Due to the uncertainty about such matters, I recommend that you think about scenarios and how you could adjust your finances in response to different circumstances, including higher inflation. For example, I think it is very reasonable and prudent to use 2% as a long-term inflation assumption for a financial projection. However, it may be wise to also test your cash flow projection against a higher inflation rate, such as 3% or even more, just in case the recent concerns about inflation eventually come to pass. That way, you can begin to understand how you could respond if the more aggressive inflation assumption were to occur.
3. Review Your Asset Allocation
Reviewing your asset allocation during a time of change or career transition may be very appropriate. The mix of equities (growth-oriented investments), fixed income instruments (income producing investments) and cash may likely have a significant impact on the long-term returns of your portfolio.
Within the broad equity and fixed income sectors, there are steps you can consider that may prove useful in preparing for the possibility of higher inflation. Equities can often act a hedge against higher inflation, and especially so over the long term. But they come with the risk of greater volatility.
In the bond sector, inflation protected bonds may also be beneficial, as well as purchasing fixed income instruments which have short maturities. However, these investments may present other risks that need to be evaluated in the context of your overall portfolio design.
4. Remember to Project Healthcare Costs
The idea of higher inflation is a very recent development which has just started to receive attention this year. However, the healthcare sector of the economy has experienced high inflation for as long as three decades – this trend is certainly not at all new!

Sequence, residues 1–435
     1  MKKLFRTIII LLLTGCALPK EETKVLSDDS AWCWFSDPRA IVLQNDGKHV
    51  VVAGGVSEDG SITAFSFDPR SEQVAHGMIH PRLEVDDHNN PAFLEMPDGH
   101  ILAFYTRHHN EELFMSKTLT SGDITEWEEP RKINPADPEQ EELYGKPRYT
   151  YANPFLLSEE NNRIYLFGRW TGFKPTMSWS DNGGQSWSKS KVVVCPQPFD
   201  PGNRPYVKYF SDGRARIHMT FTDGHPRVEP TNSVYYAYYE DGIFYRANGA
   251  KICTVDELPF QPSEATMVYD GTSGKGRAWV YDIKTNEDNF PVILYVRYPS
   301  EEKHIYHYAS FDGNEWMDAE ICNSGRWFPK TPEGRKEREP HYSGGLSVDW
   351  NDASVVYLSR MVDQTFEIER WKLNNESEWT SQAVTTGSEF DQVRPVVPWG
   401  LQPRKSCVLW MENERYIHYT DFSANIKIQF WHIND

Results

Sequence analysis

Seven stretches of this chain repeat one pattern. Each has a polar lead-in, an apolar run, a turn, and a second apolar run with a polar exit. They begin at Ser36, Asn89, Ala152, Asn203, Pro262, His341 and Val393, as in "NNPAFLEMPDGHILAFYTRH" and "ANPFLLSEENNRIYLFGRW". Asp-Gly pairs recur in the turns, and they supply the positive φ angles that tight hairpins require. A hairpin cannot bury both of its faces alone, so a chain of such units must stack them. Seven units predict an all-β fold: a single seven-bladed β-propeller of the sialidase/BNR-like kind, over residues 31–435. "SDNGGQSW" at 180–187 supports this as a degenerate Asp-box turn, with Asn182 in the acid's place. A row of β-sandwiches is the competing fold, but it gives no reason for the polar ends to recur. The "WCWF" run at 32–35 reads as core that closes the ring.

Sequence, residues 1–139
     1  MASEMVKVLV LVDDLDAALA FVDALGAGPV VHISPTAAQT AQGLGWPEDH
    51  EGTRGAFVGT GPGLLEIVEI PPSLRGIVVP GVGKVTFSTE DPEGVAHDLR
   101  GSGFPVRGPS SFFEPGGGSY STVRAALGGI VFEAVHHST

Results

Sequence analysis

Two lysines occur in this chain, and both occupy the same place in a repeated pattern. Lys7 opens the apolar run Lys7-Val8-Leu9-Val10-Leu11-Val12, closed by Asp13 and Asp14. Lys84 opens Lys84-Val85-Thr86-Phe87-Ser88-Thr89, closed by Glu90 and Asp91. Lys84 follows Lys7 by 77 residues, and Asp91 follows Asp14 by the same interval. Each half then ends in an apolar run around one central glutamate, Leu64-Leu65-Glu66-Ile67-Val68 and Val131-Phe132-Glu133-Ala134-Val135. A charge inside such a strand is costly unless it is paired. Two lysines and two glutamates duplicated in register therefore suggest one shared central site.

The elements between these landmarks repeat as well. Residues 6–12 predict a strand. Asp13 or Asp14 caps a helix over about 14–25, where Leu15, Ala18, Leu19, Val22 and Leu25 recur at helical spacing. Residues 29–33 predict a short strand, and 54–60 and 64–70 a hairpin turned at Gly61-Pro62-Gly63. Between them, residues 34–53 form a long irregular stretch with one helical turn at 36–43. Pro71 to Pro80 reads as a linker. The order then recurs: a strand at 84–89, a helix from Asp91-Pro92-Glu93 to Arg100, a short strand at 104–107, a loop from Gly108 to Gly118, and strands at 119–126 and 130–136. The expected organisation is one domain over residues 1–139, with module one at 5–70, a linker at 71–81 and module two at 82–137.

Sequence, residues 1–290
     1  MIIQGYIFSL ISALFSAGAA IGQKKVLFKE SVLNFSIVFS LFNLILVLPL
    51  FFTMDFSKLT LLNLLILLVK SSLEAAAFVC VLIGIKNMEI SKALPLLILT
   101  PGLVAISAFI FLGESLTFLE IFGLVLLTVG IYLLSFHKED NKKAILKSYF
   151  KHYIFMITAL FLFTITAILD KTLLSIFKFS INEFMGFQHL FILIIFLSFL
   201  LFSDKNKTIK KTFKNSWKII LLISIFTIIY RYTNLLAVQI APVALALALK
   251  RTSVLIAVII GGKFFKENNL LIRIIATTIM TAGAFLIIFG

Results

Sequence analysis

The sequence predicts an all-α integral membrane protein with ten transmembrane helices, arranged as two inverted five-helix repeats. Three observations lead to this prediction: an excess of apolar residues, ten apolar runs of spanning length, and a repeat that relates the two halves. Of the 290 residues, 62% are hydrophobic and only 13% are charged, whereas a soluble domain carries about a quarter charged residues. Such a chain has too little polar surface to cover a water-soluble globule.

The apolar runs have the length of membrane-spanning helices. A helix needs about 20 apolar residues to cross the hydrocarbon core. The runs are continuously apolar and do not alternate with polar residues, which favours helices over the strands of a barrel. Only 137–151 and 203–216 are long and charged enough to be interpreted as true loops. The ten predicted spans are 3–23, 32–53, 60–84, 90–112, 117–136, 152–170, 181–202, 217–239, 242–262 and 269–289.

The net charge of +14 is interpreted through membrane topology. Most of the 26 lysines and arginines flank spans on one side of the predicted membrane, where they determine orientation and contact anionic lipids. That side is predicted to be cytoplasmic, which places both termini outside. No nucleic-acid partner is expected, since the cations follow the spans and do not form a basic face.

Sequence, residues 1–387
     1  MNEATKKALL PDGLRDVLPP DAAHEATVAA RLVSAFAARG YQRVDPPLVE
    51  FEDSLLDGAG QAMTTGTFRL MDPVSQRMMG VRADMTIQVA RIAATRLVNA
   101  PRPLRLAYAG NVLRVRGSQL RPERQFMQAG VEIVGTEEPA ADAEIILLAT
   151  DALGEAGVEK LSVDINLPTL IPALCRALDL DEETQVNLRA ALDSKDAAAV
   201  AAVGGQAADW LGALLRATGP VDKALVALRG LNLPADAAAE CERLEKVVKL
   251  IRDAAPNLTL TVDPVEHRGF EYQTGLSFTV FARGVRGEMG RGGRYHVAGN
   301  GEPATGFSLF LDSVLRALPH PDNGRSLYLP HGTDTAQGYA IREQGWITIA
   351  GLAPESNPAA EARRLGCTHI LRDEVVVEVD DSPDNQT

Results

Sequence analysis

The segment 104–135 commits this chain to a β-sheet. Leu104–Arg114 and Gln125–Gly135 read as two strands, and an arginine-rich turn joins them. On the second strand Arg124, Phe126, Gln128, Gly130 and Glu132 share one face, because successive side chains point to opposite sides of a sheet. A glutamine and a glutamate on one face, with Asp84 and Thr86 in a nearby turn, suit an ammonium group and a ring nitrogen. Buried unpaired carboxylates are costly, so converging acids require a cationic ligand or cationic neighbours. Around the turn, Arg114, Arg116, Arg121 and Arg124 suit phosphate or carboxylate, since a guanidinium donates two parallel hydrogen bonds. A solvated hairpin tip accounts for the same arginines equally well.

Consequently, a detailed financial projection should include a separate line item for healthcare expenses, with an assumed inflation rate for those costs that are closer to 6% (not 2% or 3%). Last month, I wrote a blog about how you can approach the task of preparing for these costs and understanding your situation.
It is likely that you may consume more healthcare expenses as you age, adding an additional long-term financial need along with the attendant higher costs related to inflation. Estimating these expenses is an especially important ingredient to add to your planning recipe!
The most important approach about inflation, the economy, and your investments may be to stay pragmatic, monitor the trends over time and not be overly swayed by sensational headlines about the risks ahead. Inflation rates have not yet increased; it is only investors’ expectations about inflation that have changed. This does not mean that the economy will actually experience greater inflation in the future.
Although we should not ignore the recent developments about the possibility of rising prices, you may be better served using the four steps above to evaluate your situation and potential changes that may be appropriate to support your long-term goals. As always, please feel free to contact me with your comments, or to help review your situation.